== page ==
Ruth Ann Grissom

Writer, conservationist

Biography

Ruth Ann Grissom grew up on a farm in Montgomery County and earned degrees in journalism and social work at UNC Chapel Hill. She divides her time between Charlotte and the Uwharries.

 

Articles

  • ui.uncc.edu
    Oct 14, 2019
    As Ron’s retirement approached, they turned to the faith that had brought them together and prayed for a sign to guide them to the right tract of land.  They found it along the banks of the Pee Dee River in Stanly County, as the flight of an eagle formed the shape of a cross.   Now called 3 Eagles Sanctuary, this 170-acre tract of forest and farmland is being managed for wildlife habitat and sustainable agriculture.  Ron and Nancy have gone from being activists to stewards.
  • ui.uncc.edu
    Oct 14, 2019
    Chappell Russell and Justin Foley were living the millennial dream.  They met at Appalachian State.  He worked for a large CPA firm in uptown Charlotte.  She helped run a small dog-training business.  They had an apartment in South End.  On weekends, they walked their dogs Oliver and Indie on the Rail Trail, stopping at breweries and local shops like the Canine Café.
  • ui.uncc.edu
    Oct 14, 2019
    Danny Alderman puts 1,200 to 1,400 miles on his truck each week.   As the general superintendent of North Carolina projects for Branch Builds, he oversees about $250 million worth of work across the state, including schools in Cabarrus County and Indian Trail — as well as the rare project close to home, the new high school in Montgomery County. “I’m in such a rat race during the day,” he said.  “That’s why I choose to live in the Uwharries.” 
  • ui.uncc.edu
    Oct 14, 2019
    The land at this particular crossroads in southern Randolph County has a storied history.  It once belonged to Miles and Healy Lassiter, and some of it still belongs to their descendants, including Jerry Laughlin.   Miles was born into slavery circa 1777, but apparently this status wasn’t fully enforced.  At the time of their marriage circa 1810, Healy was a free woman of color who already owned land in the area.  Together, they eventually held 400 acres, a vast estate in a mountainous area inhabited by small-scale subsistence farmers.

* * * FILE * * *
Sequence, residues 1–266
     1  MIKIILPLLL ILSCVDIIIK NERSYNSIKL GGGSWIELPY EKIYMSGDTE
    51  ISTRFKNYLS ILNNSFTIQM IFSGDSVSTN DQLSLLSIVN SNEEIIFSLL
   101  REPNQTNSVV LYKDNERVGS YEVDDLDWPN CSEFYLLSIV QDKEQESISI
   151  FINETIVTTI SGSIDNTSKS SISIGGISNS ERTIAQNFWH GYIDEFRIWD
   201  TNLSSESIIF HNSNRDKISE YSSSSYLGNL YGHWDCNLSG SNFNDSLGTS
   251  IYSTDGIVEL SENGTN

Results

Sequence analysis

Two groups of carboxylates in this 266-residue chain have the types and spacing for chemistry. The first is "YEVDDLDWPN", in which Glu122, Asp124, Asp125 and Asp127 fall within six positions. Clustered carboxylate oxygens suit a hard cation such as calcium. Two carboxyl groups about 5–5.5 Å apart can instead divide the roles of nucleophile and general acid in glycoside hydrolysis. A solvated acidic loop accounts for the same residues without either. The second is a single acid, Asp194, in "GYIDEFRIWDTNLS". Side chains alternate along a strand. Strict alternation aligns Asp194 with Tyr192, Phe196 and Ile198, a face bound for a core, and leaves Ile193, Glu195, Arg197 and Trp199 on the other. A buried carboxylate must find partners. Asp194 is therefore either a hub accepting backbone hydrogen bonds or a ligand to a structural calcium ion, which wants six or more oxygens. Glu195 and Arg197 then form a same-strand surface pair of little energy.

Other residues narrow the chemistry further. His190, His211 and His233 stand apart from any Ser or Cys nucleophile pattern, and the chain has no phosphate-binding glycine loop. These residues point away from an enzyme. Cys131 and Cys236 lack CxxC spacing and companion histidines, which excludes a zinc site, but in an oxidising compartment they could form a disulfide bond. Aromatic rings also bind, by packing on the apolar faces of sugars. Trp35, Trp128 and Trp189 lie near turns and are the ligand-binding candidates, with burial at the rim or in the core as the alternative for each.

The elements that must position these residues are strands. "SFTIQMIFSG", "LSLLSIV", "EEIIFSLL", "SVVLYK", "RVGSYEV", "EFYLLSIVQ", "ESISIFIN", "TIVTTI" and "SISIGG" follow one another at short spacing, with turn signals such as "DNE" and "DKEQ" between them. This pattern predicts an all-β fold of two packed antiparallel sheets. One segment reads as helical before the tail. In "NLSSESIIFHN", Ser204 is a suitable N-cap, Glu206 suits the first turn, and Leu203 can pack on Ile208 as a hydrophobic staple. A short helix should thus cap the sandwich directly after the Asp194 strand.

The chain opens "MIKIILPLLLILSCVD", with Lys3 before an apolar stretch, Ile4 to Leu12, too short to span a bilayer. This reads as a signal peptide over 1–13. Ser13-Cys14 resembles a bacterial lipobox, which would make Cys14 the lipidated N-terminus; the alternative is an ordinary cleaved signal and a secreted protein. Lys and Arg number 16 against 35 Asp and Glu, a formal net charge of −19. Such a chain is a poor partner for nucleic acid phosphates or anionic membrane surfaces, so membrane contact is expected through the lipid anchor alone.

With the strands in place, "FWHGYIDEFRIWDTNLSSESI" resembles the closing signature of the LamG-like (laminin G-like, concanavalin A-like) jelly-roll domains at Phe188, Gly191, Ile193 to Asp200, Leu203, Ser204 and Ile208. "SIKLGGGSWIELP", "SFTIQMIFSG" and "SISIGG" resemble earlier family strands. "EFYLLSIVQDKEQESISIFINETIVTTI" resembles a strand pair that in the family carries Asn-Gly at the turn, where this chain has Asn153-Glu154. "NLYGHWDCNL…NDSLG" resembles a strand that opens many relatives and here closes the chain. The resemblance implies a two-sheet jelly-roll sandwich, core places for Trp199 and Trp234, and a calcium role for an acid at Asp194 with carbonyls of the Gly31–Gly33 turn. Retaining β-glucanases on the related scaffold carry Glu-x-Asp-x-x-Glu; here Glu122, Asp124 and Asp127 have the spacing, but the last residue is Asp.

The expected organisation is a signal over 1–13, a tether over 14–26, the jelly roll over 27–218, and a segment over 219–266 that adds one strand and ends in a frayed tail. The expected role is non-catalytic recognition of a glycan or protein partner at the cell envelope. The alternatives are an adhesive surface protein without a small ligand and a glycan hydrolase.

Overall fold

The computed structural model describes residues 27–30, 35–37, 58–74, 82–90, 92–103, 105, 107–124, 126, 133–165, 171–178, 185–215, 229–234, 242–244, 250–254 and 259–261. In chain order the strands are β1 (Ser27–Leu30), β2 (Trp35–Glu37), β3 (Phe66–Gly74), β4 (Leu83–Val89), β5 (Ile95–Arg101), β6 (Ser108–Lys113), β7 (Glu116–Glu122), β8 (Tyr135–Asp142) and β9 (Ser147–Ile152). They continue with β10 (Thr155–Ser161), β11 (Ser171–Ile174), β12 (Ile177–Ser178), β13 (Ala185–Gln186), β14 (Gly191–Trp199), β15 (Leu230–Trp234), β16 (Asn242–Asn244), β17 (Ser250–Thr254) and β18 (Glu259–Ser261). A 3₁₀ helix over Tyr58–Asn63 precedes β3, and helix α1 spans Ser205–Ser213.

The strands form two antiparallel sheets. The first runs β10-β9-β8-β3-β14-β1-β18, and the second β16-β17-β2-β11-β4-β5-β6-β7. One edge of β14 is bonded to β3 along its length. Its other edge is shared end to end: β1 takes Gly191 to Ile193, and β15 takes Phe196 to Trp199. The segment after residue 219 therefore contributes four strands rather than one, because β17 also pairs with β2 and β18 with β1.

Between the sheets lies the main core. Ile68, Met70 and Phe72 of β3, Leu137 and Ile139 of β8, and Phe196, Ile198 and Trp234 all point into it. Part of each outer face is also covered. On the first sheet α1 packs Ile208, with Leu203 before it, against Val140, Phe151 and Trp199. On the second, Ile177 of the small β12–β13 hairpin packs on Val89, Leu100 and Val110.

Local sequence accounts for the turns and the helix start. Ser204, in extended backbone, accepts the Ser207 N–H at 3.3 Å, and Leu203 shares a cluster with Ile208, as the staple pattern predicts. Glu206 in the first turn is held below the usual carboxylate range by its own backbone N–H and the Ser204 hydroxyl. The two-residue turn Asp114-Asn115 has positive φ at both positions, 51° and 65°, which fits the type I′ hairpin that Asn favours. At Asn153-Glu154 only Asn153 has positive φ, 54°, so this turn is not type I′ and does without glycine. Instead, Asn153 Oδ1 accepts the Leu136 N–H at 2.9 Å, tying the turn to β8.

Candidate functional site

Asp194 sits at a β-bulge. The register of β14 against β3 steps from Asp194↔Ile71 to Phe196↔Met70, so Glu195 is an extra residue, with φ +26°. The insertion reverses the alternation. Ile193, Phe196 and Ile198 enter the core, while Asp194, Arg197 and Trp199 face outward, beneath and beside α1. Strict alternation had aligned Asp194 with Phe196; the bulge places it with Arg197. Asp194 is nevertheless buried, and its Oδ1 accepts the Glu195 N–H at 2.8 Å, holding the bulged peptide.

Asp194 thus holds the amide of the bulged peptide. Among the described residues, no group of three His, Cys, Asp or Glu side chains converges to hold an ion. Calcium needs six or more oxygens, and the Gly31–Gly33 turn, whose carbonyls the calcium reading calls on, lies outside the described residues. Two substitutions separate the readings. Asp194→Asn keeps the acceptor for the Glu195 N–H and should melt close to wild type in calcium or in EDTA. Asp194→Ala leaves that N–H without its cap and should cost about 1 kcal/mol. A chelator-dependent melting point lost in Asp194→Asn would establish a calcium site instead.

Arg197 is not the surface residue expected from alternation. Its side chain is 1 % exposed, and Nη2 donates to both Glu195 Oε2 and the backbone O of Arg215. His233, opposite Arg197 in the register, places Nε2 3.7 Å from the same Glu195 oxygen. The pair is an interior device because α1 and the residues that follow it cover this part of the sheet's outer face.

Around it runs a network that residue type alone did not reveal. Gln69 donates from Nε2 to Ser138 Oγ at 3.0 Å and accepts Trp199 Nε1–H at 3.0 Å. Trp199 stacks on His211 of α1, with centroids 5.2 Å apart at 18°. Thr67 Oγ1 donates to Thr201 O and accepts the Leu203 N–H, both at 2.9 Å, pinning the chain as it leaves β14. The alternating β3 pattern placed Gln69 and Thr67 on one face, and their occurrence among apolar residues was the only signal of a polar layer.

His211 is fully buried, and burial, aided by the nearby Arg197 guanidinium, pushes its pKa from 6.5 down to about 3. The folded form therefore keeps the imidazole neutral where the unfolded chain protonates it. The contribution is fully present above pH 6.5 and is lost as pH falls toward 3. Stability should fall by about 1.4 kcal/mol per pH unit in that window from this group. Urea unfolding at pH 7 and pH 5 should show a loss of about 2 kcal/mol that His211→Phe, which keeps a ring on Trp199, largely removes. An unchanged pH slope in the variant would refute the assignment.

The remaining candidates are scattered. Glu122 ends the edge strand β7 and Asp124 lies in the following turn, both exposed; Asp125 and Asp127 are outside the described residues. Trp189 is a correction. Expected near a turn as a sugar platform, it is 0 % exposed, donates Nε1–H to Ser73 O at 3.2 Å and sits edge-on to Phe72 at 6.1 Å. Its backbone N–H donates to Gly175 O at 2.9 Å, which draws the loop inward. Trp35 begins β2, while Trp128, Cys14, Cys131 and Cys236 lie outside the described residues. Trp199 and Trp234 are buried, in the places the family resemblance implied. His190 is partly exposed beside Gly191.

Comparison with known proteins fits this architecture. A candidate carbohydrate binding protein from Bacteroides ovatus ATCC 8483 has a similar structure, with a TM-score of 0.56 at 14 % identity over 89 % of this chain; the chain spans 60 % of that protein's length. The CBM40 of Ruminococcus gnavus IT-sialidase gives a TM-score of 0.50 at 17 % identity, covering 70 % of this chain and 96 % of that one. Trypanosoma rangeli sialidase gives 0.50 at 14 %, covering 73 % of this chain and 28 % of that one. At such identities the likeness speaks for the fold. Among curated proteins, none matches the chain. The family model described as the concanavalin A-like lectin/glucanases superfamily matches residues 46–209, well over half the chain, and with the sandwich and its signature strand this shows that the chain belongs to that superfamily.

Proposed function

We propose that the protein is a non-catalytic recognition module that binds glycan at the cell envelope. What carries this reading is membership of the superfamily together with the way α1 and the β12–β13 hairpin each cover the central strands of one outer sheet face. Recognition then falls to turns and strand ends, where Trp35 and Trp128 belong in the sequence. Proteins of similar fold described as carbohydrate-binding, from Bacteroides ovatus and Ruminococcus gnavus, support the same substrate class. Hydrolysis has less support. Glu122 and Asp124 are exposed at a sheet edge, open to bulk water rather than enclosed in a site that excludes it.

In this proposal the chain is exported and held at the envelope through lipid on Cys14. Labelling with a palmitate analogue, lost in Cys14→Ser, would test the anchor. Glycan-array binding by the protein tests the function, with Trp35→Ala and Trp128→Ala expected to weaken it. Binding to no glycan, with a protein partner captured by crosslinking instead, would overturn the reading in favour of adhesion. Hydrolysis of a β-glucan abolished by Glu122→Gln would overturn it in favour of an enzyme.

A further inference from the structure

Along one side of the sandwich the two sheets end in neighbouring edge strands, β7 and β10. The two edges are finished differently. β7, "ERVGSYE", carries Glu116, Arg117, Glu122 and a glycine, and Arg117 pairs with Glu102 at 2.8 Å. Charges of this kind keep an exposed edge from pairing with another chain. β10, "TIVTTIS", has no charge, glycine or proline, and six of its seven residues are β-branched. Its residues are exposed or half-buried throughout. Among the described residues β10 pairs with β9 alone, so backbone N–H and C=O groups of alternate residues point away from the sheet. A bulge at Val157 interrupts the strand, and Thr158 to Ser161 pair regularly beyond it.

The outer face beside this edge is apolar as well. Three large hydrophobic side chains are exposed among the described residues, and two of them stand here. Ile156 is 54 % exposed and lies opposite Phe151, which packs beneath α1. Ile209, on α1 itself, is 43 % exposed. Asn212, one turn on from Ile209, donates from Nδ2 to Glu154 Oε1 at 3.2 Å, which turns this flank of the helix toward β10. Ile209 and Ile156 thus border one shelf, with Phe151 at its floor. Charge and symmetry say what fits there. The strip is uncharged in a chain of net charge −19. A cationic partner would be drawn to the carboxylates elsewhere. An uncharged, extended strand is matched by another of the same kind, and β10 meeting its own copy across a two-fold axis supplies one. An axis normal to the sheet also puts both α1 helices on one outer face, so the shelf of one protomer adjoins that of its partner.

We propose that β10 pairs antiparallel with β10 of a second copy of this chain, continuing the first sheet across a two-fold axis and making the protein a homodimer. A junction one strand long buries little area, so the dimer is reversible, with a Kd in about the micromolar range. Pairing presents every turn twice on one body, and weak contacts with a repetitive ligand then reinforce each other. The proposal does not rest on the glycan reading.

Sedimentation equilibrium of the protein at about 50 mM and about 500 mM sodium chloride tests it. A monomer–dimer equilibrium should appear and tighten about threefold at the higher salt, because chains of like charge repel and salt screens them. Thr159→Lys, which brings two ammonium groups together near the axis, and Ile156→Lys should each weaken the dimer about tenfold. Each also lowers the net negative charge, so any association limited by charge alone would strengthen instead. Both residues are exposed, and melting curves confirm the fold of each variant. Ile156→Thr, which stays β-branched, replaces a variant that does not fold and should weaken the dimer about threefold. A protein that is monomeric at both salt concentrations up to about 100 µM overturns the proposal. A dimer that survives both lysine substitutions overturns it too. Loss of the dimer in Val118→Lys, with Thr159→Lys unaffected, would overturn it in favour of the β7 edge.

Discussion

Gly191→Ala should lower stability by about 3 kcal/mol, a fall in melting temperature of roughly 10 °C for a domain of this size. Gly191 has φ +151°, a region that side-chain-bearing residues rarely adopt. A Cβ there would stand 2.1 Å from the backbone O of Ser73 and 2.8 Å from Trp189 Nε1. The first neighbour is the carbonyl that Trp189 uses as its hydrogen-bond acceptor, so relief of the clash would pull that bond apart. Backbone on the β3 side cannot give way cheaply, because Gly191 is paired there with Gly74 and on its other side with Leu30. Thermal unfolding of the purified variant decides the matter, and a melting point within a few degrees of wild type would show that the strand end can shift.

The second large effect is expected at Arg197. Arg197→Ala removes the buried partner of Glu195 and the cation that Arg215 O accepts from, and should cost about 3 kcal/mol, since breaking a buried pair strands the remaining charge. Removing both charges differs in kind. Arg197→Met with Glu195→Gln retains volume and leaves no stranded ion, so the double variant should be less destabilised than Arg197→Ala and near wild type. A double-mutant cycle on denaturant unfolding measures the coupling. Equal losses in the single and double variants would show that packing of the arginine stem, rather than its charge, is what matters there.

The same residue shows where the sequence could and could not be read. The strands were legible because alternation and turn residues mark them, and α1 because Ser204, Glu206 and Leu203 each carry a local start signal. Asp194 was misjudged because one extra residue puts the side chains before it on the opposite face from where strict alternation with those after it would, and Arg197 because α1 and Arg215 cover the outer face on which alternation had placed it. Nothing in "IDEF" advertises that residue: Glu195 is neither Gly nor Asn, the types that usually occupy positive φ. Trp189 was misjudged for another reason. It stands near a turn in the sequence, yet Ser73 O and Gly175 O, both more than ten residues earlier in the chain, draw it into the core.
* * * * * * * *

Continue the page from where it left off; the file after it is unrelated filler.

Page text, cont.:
• ui.uncc.edu
    Oct 14, 2019
    The narrative around rural areas has often held that people need to leave for a better chance to find success, typically in the city. But for many, leaving the place they love and call home never really feels like an option. Here are seven stories of people who are turning that narrative on its head. 
  • ui.uncc.edu
    Aug 14, 2019
    The overall cluster was about the size of my fist.  A woven cylindrical core was decorated with willow oak leaves, some of them whole and others torn.  They had been applied in an intriguingly symmetrical pattern, creating the effect of wings and a tail.  Tiny twigs with swollen buds had also been incorporated into the design, their weight providing a ballast.  The creature twirled and fluttered in the breeze, a sylvan ballerina.
  • ui.uncc.edu
    Jul 23, 2019
    Common rush (Juncus effusus) is often used in riparian restoration projects. It provides cover for wildlife and helps stabilize soil and filter stormwater runoff, and it can be found throughout the Uwharries. Jim Matthews, professor emeritus at UNC Charlotte and founder of Habitat Assessment and Restoration Professionals, calls it the “Cadillac of wetland plants” because it can grow in standing water but also tolerate dry spells.
  • ui.uncc.edu
    Jun 24, 2019
    Found primarily along the Southeast coast, white-bracted sedge also grows with abandon in wet, sunny meadows you can create in your Charlotte backyard. The flowers attract a crazy array of pollinators - bumblebees and honeybees, bizarre bugs and colorful moths, tiny bees and flies. And the bracts remain attractive deep into fall, even after a hard freeze has turned them to parchment.
  • ui.uncc.edu
    Jun 04, 2019
    Wildlife habitat comes in all shapes and sizes, as does opportunity for improving it.  The rural nature of the Uwharries and other areas around Charlotte allows us to restore grasslands and forests on a landscape scale, but the same management techniques have also proven successful on smaller parcels in urban parks and nature preserves. One of the most promising interventions in the rapidly developing Piedmont is to enhance backyard habitat. 
  • plancharlotte.org
    Apr 26, 2019
    When I was a novice birder, attending bird walks in New York’s Central Park, I asked the leader which field guide I should buy.  Without missing a beat, and without a hint of sarcasm, he replied, “All of them.”  While I’ve come to appreciate his wisdom, there’s also something to be said for having a basic, indispensable guide you can turn to again and again.